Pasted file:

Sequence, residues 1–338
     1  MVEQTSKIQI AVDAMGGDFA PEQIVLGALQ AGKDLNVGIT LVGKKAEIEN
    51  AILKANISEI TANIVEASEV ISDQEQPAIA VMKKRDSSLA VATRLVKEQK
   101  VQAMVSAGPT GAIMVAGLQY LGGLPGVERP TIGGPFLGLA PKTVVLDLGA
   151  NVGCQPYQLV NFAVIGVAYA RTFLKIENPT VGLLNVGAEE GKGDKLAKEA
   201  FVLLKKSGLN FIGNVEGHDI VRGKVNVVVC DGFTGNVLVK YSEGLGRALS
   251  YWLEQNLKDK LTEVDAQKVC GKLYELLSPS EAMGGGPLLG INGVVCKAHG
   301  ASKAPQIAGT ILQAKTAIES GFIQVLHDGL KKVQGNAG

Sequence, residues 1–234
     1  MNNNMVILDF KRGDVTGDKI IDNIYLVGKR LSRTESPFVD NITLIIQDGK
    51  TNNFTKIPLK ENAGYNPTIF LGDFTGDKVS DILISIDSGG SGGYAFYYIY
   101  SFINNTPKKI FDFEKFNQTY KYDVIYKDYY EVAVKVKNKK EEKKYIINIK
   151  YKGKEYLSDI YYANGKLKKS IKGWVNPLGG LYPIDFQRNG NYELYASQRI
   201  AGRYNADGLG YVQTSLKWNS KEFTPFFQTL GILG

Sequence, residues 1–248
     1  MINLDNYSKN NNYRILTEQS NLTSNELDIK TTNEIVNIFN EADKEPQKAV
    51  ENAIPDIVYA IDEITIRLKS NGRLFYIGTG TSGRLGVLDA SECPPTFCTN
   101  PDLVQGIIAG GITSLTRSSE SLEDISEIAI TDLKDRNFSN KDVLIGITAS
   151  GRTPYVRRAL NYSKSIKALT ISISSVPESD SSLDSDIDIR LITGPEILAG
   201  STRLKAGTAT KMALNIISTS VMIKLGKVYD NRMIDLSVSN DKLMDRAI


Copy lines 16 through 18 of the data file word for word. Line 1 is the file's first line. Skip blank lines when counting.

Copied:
     1  MINLDNYSKN NNYRILTEQS NLTSNELDIK TTNEIVNIFN EADKEPQKAV
    51  ENAIPDIVYA IDEITIRLKS NGRLFYIGTG TSGRLGVLDA SECPPTFCTN
   101  PDLVQGIIAG GITSLTRSSE SLEDISEIAI TDLKDRNFSN KDVLIGITAS